Historically, teachers have asked questions to check what has been learned and understood, to help them gauge whether to further review previous learning, increase or decrease the challenge, and assess whether students are ready to move forward and learn new information (factual checks - ie 'Closed' questions). This can be structured as a simple 'teacher versus the class' approach (Bat and Ball), where the teacher asks a question and accepts an answer from a volunteer, or selects/conscripts a specific student to answer. These approaches are implicit in any pedagogy, but teachers need a range of 'Open' questioning strategies to address different learning needs and situations. Teachers must also pitch questions effectively to raise the thinking challenge, target specific students or groups within the class.
The Rigor Relevance Framework provides all educators with guidance to scaffold questions.  It is an action-oriented continuum that describes putting knowledge to use by giving teachers a way to develop both instruction and assessment and gives students a way to project learning goals. This framework, based on traditional elements of education yet encouraging movement from the acquisition of knowledge to the application of knowledge, charts learning along the two dimensions of higher standards and student performance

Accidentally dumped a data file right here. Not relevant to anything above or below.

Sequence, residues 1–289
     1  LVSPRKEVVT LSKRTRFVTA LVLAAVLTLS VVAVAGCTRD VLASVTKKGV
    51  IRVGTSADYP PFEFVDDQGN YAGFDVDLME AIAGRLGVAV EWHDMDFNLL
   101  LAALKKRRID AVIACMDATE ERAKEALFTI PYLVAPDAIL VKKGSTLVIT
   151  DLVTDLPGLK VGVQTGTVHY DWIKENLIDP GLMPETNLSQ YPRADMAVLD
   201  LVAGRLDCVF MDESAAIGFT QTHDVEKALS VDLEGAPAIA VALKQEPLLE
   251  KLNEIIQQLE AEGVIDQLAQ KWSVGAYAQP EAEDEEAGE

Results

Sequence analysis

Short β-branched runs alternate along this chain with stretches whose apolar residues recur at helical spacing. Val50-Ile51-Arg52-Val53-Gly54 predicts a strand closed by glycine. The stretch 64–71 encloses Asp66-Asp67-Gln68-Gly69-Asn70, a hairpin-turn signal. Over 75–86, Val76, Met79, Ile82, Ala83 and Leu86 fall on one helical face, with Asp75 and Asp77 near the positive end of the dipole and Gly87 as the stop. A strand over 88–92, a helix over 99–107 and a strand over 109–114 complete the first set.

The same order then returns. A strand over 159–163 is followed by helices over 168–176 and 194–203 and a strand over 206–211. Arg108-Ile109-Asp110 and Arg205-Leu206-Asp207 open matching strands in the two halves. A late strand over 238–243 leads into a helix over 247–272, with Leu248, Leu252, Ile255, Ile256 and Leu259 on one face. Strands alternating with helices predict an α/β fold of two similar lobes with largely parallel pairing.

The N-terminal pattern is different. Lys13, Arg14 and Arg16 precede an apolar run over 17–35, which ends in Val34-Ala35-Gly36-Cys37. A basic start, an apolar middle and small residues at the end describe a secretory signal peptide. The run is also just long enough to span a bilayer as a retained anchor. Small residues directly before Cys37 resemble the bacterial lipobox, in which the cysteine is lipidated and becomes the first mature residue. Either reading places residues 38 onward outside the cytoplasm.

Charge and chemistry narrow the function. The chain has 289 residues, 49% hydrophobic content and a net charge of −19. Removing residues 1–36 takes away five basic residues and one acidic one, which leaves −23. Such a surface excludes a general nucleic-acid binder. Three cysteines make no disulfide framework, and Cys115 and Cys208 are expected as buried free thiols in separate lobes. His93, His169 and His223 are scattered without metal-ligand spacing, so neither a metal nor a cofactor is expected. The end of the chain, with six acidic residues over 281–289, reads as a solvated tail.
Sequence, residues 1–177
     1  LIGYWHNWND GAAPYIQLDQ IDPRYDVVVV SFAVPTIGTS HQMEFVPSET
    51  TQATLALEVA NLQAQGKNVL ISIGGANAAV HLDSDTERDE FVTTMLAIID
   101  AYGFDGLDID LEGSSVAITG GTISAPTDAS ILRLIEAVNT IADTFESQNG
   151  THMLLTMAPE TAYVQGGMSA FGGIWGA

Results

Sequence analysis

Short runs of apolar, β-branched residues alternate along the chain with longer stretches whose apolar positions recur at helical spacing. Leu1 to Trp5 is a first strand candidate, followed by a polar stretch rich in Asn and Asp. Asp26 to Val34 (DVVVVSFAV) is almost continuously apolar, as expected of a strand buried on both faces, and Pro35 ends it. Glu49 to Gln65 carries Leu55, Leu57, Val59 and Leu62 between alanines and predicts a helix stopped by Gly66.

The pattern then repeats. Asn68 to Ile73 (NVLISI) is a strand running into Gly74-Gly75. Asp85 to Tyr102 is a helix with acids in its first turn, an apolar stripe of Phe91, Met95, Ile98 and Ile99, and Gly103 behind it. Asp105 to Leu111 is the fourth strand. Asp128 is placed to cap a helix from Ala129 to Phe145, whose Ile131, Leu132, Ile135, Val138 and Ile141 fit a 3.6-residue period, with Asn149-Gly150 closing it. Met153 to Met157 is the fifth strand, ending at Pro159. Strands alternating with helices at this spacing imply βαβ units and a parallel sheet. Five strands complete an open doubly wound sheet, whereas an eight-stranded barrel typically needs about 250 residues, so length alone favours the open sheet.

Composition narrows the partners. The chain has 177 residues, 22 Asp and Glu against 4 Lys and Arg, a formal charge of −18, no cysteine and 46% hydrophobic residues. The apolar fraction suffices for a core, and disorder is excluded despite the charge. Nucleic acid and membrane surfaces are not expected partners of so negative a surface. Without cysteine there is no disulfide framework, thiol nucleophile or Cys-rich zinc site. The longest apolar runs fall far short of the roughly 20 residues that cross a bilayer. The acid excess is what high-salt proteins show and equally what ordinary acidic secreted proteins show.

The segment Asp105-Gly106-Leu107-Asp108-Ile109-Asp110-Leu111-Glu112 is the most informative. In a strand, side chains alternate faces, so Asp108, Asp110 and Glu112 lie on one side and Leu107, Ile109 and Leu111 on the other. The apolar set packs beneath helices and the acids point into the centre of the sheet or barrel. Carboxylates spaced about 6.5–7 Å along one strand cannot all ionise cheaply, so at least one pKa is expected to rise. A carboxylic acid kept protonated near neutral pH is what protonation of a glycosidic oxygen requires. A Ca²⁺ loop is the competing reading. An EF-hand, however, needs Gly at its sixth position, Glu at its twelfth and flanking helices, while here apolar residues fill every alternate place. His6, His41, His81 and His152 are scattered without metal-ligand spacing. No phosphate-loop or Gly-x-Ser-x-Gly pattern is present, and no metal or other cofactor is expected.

Below is a breakdown of the four quadrants:

  • Quad A - Students gather and store bits of knowledge and information. Students are primarily expected to remember or understand this knowledge.
  • Quad B - Students use acquired knowledge to solve problems, design solutions, and complete work. The highest level of application is to apply knowledge to new and unpredictable situations.
  • Quad C - Students extend and refine their acquired knowledge to be able to use that knowledge automatically and routinely to analyze and solve problems and create solutions.
  • Quad D - Students have the competence to think in complex ways and to apply their knowledge and skills they have acquired. Even when confronted with perplexing unknowns, students are able to use extensive knowledge and skill to create solutions and take action that further develops their skills and knowledge.

Below you will see how questions can be scaffolded according to each quadrant of the Rigor Relevance Framework.

With and without technology it is important to empower our learners to think. Scaffolding questions enhance learning and aids in the mastery of concepts by systematically building on knowledge and relevance. The ultimate goal is to develop competent thinkers and doers who can not only use knowledge in new ways but also construct their own.


  1. In languages we begin the process by constantly reminding ourselves to recycle language concepts.

  2. I love this! We ask so many questions as teachers. Rather than ask more, we need to make sure we're asking the right ones.